DIRECTED BY: Tommy Wirkola
FEATURING: Vegar Hoel, Charlotte Frogner, and other professional but fairly interchangable Scandinavian actors
PLOT: Eight medical students travel to a remote ski cabin for a little rest and relaxation,
only to find the snowbound retreat is haunted by pesky Nazi zombies.
WHY IT WON’T MAKE THE LIST: If it’s weird, it’s weird in a familiar way. There’s a powerful “been there, done that” feel here that will satisfy those who just want to have another laugh in the face of the upcoming zombie apocalypse.
COMMENTS: Despite garnering some minor praise after a successful midnight run at Sundance in 2009, Dead Snow is a derivative and dull affair—until a derivative but no-longer-dull final half hour, when it redeems itself with a nonstop, intestine spewing Nazi zombie slayathon that sweeps away all logical objections in a river of blood. Even the key conceit of fascists as undead villains is nothing new—see Shock Waves (1977), Zombie Lake (1980), Oasis of the Zombies (1981)—it’s just that it hasn’t been done in quite a while. The only thing that’s somewhat original about Dead Snow is the setting: I can’t remember a zombie movie that’s been played out in a winter wonderland (to better show the blood splatters on the virgin snow). The setup seems to drag on forever, with eight medical students driving and hiking to a cabin in the scenic mountains, snowmobiling, listening to Scandinavian pop-metal, playing board games and drinking beer, and all of the time not making much of an impression as characters. Eventually a grizzled old man from Oslo central casting wanders into the cabin to tell them the backstory about a unit of Nazis who hid some treasure in the region before the locals massacred them with farm implements. Low-impact deaths of minor characters occasionally lighten the mood. Dead Snow is a comedy, but mostly in the sense that it doesn’t take itself seriously, not in a way that makes you laugh. The movie hits every possible horror movie cliche on its way to the final slaughter. Instead of going to the trouble of thinking up some original twists, the script gives you a character who’s a horror nerd: he wears a Braindead t-shirt and ticks off the films director Tommy Wirkola plans to rip off. His presence is a wink that’s meant to make you forgive the movie for being so freaking obvious, but since Scream, the self-aware horror fan who exposes genre cliches has already become a cliche of its own. (Soon, we’ll see movies where people trapped in a horror movie are aware of the cliche that people trapped in horror movies are aware of horror movie cliches: “Dude, this is just like in Dead Snow where the med students headed to the cabin in the woods start naming horror movies that start with young people headed to a cabin in the woods!”)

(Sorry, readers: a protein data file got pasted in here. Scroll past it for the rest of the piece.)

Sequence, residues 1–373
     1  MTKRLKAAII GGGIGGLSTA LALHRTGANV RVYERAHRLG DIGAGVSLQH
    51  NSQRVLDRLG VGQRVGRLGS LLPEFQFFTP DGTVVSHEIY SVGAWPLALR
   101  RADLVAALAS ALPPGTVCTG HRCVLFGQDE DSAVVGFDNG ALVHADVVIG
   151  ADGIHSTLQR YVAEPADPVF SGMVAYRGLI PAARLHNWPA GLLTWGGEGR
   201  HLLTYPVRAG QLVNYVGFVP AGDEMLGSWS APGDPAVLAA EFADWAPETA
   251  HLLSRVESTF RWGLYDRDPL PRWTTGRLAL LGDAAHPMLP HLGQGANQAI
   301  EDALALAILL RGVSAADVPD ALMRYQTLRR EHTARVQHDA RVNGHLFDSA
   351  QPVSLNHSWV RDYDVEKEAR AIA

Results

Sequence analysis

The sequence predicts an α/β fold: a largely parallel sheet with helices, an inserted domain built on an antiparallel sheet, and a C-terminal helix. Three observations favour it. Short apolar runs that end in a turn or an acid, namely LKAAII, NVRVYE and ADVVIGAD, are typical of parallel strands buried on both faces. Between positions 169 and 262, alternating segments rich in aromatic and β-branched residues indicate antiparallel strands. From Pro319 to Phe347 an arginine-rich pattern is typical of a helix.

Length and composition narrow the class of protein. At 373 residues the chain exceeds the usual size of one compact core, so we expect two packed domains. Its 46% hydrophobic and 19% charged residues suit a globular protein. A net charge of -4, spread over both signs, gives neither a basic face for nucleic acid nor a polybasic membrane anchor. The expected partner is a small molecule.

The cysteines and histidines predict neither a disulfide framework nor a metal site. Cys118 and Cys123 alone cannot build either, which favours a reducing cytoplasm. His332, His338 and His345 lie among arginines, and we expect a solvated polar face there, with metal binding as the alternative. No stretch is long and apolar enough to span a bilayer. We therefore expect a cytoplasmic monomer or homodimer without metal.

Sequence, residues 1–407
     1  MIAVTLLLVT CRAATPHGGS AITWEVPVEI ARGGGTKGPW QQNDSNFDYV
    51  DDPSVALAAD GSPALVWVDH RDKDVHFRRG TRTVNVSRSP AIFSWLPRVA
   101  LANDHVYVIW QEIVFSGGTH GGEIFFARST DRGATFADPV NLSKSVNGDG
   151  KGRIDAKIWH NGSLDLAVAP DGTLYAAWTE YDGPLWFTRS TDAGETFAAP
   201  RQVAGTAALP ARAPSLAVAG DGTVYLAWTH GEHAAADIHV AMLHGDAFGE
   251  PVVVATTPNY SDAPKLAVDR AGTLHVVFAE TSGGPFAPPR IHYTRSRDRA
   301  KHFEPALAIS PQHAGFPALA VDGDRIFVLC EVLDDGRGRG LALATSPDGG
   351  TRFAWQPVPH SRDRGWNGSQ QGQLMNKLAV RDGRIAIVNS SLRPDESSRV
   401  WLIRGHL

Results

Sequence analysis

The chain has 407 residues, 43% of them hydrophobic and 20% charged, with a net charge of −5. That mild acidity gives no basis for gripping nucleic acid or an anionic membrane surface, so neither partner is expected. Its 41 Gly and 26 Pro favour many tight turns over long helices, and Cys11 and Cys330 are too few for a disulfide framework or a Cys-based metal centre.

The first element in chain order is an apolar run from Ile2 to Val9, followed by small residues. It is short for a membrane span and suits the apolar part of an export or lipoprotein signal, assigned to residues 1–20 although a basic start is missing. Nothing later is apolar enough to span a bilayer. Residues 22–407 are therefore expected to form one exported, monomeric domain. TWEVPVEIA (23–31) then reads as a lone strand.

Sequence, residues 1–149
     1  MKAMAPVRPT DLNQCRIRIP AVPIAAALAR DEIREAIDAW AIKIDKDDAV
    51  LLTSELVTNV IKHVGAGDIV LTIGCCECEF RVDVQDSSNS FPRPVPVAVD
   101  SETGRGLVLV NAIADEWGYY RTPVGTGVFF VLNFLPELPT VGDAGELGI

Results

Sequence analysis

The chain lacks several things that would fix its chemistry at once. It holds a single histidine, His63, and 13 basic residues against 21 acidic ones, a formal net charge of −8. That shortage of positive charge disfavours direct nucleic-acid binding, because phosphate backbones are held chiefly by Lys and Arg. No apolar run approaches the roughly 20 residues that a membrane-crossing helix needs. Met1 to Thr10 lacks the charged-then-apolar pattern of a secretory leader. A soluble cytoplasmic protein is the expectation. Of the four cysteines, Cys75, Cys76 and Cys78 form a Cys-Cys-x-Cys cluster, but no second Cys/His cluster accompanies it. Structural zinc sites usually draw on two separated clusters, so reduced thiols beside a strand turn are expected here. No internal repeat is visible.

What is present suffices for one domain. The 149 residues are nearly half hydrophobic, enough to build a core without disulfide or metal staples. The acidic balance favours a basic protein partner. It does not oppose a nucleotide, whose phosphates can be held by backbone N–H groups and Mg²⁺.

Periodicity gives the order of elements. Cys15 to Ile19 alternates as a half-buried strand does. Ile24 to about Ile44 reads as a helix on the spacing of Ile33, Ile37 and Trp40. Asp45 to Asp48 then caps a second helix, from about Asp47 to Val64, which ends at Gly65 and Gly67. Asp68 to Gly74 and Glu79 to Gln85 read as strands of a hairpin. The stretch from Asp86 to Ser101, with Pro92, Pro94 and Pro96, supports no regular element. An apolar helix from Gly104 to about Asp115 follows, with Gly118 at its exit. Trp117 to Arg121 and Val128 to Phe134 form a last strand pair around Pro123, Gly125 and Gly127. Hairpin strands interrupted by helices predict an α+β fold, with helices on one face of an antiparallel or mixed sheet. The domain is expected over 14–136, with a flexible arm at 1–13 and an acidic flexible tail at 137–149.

Much (if not all) is forgiven at the midway point, when the Night of the Living Dead ripoff begins and the surviving characters spend the rest of the movie with their faces drenched in Karo syrup and red food dye. By the time the Dead-Alive [Brainead]/Evil Dead II ripoff begins, zombie gore fanatics will have forgotten and forgiven the movie’s early reels. Outrageous gore scenes involve a man scaling a cliff with the aid of a partially disemboweled zombie’s intestinal tract, a zombie massacre incongruously scored to a hummable rock anthem, and a future doctor’s promising career cut short when eight animated Nazi corpses pull him in half with goosestepping precision. The action scenes are well-shot and edited and thrilling; the filmmakers obviously saved all their inspiration for the third act. If you just can’t get enough zombie carnage and severed limbs, this should temporarily slake your thirst for blood. If you’re looking for something outside the box, Dead Snow arrives about twenty years too late.
An unintended consequence of Wirkola’s movie is that it makes the Norwegian film industry look insecure and desperate to close a perceived midnight movie gap with the rest of the Western world. Though Dead Snow may be Norway’s own contribution to international zombie culture, it’s full of references to American films and TV shows—not only to horror movies but to “The Simpsons,” The Terminator, and Indiana Jones. Other than the snowy tundra, there’s nothing uniquely Norwegian about this movie; in fact, it does the country a disservice by making it look like a land that’s envious of America’s “rich” pop culture, and anxious to fit in with bland monoculture rather than to stand out. Perhaps “Tommy” Wirkola purposely used this tactic to make the transition easier when Hollywood remakes this product.
WHAT THE CRITICS SAY: